This isn’t an isolated incident, not even close. If you post a picture of your child having a tantrum, there’s a chance you’ll have to listen to someone asking why you’d “embarrass your child” like that. If you post about not liking your kids sometimes, you could face someone telling you that you shouldn’t have had kids in the first place, then, because kids are a gift and blah blah blah. If you post about fights or divorces or negative luck, there will almost always be someone asking you why you felt the rest of the world needed to know all of your business.
Because we don’t want people to be “more honest” so that we can feel more connected. We want others to be “more honest” so that we can feel better about ourselves.
Of course, there are many situations where this isn’t true, but there are many where this most certainly is, too. And we seem to be unable to see how that might lead to less people wanting to tell us anything about their lives.
We yell about women taking bikini photos after childbirth and how there should be more photos of “real bodies” when A) That person’s body is often their real body, and B) those with unconventional bodies have to field negative comments and scrutiny.
We want to see real houses, with real messes, but then the comments flood in telling people to clean up.
We demand to see real parenting moments with real children, but then a high percentage of the comments — higher than it should be — spend their time making insulting comments and mentioning how this wouldn’t happen in their house.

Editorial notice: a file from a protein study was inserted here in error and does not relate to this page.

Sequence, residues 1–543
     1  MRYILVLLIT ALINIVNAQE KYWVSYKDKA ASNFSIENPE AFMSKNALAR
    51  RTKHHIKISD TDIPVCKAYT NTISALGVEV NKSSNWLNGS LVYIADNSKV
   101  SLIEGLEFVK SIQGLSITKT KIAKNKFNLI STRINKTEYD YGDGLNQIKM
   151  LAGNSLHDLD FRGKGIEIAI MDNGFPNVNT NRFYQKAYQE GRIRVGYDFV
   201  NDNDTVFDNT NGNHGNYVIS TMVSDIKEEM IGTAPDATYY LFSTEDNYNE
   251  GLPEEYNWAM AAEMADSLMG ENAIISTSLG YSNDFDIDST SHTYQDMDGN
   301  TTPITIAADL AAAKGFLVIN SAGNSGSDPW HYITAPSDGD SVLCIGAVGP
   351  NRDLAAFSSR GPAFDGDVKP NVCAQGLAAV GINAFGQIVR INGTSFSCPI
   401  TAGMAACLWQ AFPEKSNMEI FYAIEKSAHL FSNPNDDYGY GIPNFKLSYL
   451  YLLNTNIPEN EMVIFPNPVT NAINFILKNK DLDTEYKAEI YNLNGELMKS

You want real vulnerability? You want people to be honest about who they are and what parenthood or the single life or marriage is really like? The answer then is support and self-confidence, not projection and condemnation. We need to come to terms with the reason why too many good posts feel unreal to us, and then we need to work on that, not demand that other people play themselves down in order to make us feel better.
Get what I mean? Photos of new houses, new cars, bikini bodies, or well-behaved children only bother us because we’re feeling as if something is lacking for us in one of those areas. We’ve become afraid that we’re dropping the ball somewhere, and these social media posts are the absolute proof.
Except they aren’t. They’re part of someone else’s life, which has nothing to do with ours or our personal situations. It may not even be their real life, but that isn’t really our concern. Instead, reconnect with the things you are happy with. Remind yourself of what you do have to be proud of. Realize that social media posts are mere moments in a whole life that belongs to someone else, and that you therefore don’t know enough to give an opinion — especially when it hasn’t been asked.
Let people be happy. Let them decide whether or not to share their low points. If they do, try to be supportive. If they don’t, don’t vilify them for not being “real enough.” It’s not anyone’s responsibility to reveal what they don’t want to. This is just as true for you as it is for everyone else. And, of course, take a break if you start to feel overwhelmed or sad — sometimes, being surrounded by your own reality can help to make others’ less bothersome.
True security comes from accepting your life as it is without needing others confirm it. I’m not even saying that I have it fully figured out, because I definitely have days where I make weird noises in my throat when I see someone looking like a model right after giving birth. But I also try to remember that everyone’s priorities and personal situations are different, so it’s not my place to demand that they act more “real” to match my personal narrative. None of us will get more realistic feeds until we stop trying to shame others’ realities, and define for others what “reality” even is.
The moment we’re comfortable with our own stories will be the moment we truly connect. It won’t be a moment before.